World nutrition, c.1946

Stanley Melbourne Bruce introduces the United Nations Food and Agriculture Organisation and its purpose. 

NAA: M4254, 35

I was delighted to learn that the Australian Broadcasting Commission was arranging a series of talks dealing with the activities of the United Nations Food and Agricultural Organisation.

How many of you know what is the Food and Agricultural Organisation? What are its objectives?  And what is the work that it is at present carrying out. I fear not many. And yet it is essential that we Australians should know these things. The reason is that Australia is responsible for initiating in 1935 the idea of informational cooperation.

The improvement of the standards of nutrition of all the nations of the world. Our objective was summarised at the time in the expression the marriage of health and agriculture.

So successful were our efforts that the great international organisations, known as the Food and Agricultural Organisation, with a membership now of some 58 nations, was created in Hotsprings in 1942.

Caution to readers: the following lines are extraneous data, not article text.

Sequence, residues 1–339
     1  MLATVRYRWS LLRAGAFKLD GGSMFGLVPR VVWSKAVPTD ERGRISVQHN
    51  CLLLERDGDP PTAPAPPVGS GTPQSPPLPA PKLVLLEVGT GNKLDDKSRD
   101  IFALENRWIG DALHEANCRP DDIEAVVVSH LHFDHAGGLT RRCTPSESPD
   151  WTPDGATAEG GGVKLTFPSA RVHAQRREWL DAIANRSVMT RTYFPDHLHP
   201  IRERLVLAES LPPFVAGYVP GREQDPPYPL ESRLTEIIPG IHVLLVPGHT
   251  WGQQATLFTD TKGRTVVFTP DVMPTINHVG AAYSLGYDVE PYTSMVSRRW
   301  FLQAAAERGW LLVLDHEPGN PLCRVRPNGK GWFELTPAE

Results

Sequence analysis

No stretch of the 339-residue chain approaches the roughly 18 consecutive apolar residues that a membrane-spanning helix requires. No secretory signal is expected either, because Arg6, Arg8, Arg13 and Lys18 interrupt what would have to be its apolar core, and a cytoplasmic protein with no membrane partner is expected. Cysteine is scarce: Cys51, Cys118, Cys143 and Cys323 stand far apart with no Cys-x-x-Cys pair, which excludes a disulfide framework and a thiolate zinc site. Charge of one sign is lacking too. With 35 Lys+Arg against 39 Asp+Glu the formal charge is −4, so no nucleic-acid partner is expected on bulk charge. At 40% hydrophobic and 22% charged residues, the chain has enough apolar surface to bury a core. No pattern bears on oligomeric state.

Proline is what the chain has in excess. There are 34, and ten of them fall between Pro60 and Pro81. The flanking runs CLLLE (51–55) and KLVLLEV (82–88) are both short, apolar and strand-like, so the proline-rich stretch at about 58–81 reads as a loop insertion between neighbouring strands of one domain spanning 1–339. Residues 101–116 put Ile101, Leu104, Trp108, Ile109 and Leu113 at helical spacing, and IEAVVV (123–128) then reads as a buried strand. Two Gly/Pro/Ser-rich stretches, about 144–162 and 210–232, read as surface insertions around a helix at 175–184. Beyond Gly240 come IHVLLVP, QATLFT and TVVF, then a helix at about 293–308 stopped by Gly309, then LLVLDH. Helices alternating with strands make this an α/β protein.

The ideals of the organisation as expressed in its charter were:

  • To raise the level of nutrition and standards of living.
  • To improve the production and distribution of all foods and agricultural products.
  • To better the conditions of rural populations and thus to contribute to an expanding world economy.

These ideals all the member organisations are pledged, including Australia, who is still one of the leaders in this great movement. It constitutes an appealing humanitarian effort with which we must all be in sympathy.

I will give you only one example, to bring home to you how urgent is the need.

To a child born in India the expectation of life is under 30 years. In the more advanced countries that expectation is more than 70 years. In great measure this tragic difference is due to inadequate food in the backward countries.

But there is more to this movement than its humanitarian aim. It can and probably is the only sure basis upon which we can find a solution to unprecedented financial and economic problems that today confront the world.

It has been estimated that if by 1960, diet adequate for health are to be provided for all the people of the world. It will be necessary to produce 60 million more tons of cereal, 30 million more tons of meat, 250 million more tons of fruit and vegetables, and no less than 35,000 million more gallons of milk.

I fear it would be more over ambitious to hope to achieve that goal in the next eleven years.

If however we now set ourselves resoluted to the task of achieving the increased production to assure diet adequate for health for all people.

Over the next three or four decades think what it would mean for agriculture and the world.